Citizens should feel empowered to share ideas, critiques on state budget

OP-ED by Reps. Joel Kretz and Shelly Short

Our economy is struggling – our local papers are streamlining to save money, our small employers are cutting back expenses and our families are slimming down household budgets to focus on top priorities. These are the steps folks living in the real world take to stay afloat when times get tough. Our state budget should reflect the same principles and show the same discipline.

Both the House and the Senate showed us their state budget plans to pay for the daily operations of state government this week. We have concerns about tax increases in the budgets and we also have concerns about where the most drastic cuts were made. But, this is your budget, too, and we want to hear what you think.

As an example: Among our disappointments are the cuts in education and health care services. However, budget writers found $538,000 in the operating and another $1.6 million in other accounts to fund climate change initiatives such as organizing the new cap and tax structure on employers that emit greenhouse gasses. We have to ask ourselves; in this budget year, is this the best use of even this relatively small amount of your tax dollars?

Both of us, like you, work for a living and understand that every tax dollar collected came from a hard-working citizen. That’s why we support prioritizing the budget to ensure our kids are educated, our most vulnerable receive the services they need and families have the unemployment benefits to help them in this rough patch.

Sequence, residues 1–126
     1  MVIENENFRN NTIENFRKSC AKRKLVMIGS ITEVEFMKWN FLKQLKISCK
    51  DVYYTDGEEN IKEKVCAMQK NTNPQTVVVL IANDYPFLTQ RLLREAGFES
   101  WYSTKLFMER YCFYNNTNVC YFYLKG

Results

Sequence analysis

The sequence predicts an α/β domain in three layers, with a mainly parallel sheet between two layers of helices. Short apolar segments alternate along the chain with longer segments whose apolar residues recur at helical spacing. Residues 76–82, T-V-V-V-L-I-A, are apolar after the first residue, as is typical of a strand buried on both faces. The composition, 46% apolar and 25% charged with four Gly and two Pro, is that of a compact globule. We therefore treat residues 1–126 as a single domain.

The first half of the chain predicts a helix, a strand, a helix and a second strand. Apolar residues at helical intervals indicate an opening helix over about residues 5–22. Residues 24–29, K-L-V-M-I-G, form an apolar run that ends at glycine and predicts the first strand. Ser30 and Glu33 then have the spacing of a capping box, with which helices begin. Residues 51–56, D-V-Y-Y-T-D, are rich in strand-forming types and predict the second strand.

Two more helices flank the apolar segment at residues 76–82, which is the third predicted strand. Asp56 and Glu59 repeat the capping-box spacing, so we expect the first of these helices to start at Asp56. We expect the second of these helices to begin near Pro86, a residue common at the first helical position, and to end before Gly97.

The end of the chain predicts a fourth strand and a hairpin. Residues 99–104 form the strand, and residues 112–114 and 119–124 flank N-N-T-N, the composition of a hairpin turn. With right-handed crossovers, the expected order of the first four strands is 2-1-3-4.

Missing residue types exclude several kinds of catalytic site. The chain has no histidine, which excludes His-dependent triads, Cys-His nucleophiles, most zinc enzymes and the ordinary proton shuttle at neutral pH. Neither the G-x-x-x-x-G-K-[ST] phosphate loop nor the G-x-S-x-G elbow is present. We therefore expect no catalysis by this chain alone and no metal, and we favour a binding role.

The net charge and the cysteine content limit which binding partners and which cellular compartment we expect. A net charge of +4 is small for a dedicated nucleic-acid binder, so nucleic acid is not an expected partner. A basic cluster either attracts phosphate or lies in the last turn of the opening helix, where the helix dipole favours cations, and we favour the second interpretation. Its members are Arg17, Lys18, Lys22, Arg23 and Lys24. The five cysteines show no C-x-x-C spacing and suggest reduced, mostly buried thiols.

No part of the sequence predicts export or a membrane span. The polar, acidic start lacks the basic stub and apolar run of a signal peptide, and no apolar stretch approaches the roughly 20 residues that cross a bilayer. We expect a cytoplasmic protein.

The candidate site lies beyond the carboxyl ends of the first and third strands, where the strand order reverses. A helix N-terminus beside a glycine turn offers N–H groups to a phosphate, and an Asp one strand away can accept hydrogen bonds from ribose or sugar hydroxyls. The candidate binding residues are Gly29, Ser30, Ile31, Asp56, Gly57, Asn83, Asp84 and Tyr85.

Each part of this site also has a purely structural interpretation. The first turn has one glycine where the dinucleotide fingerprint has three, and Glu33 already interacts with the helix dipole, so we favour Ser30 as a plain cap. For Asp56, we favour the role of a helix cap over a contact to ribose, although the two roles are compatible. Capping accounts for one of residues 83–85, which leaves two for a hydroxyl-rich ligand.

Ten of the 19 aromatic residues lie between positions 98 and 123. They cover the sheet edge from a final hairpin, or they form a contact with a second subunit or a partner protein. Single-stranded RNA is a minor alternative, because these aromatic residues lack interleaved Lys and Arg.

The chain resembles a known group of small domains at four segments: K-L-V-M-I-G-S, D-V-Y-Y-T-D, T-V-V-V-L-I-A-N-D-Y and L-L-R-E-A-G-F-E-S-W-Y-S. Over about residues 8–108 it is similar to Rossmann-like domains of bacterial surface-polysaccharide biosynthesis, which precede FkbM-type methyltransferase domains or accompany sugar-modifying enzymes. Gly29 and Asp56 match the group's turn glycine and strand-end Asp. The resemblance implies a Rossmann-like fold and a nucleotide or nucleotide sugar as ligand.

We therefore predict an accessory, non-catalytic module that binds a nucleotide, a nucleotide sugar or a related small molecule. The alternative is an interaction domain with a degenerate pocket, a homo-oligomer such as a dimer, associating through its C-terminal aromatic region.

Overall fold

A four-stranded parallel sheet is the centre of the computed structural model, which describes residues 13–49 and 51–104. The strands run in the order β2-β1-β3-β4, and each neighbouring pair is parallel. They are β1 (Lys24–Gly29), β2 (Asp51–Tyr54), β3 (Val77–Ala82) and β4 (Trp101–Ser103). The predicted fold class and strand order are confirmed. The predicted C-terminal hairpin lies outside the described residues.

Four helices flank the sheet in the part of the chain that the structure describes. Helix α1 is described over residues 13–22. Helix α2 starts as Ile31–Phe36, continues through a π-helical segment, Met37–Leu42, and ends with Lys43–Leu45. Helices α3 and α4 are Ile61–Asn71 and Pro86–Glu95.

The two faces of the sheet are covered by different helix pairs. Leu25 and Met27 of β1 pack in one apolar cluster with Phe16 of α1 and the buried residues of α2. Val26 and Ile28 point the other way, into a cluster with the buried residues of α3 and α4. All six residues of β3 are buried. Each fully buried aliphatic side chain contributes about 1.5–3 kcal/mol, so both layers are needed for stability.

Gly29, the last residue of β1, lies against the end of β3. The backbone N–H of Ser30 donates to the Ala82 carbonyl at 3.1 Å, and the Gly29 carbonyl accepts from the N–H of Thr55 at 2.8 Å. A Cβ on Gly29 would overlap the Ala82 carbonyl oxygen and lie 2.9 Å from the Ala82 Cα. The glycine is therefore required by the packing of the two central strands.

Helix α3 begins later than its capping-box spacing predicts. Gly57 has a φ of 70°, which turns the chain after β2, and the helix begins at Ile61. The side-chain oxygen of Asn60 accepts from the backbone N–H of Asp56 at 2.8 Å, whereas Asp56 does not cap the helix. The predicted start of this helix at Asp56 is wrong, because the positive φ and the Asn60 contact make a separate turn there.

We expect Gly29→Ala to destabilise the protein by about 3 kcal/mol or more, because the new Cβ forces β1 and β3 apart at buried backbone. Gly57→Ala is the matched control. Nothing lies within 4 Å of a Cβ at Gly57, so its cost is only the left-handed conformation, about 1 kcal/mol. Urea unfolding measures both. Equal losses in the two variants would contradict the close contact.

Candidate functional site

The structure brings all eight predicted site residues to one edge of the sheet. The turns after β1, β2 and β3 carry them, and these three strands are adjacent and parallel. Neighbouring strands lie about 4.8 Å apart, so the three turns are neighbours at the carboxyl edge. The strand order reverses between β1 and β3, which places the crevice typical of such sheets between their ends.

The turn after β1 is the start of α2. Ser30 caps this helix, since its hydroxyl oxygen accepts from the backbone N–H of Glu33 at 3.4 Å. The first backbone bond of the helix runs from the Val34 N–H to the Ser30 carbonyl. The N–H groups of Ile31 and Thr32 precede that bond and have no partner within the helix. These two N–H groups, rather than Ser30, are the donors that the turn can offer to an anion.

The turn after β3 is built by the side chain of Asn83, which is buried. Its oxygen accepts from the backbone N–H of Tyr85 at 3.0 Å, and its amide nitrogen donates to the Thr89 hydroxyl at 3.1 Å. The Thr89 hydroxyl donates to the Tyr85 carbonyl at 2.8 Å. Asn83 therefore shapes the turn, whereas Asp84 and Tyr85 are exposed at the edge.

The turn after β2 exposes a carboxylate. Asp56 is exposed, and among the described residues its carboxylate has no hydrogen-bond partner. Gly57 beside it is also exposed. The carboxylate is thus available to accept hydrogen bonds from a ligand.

That’s why we cannot support any expansion in state government. Instead, we believe Olympia’s leadership needs to give hard-working citizens a break. We believe some of the cuts they are making in their budgets are ways to assure you will raise your taxes when asked this year. Asking for tax increases to “buy back” essential government programs is unfair. Government should fund first things first then if anything is left, go to the next item on the list.

Another fact to consider is that Washington’s tax revenue is a little higher this two-year budget cycle than it was in 2007. The $9 billion shortfall being reported is actually the difference between the $30 billion they have to spend, and the $39 billion they would like to spend on new and expanded government programs.

Our view is the way out of this economic slump is less government spending on non-essential programs. Consumer spending drives Washington’s economy because we are dependent on sales tax revenue. Taking more of your discretionary money to grow government is the opposite of what should be done.

By looking at what government should do, and do well, we can make sure our taxes are spent in ways that make a difference in people’s lives.

We hope this information is helpful as you look for ways to participate in your government. If you would like to comment on the budget, please call us on the toll-free legislative hotline at 1-800-562-6000 or e-mail us at or

If you would like to look at the budget summaries online, the Senate version can be found at and the House version is located at

We look forward to hearing from you and listening to your thoughts. It’s your government.

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For more information, contact: Bobbi Cussins, Public Information Officer: (360) 786-7252


Washington State House Republican Communications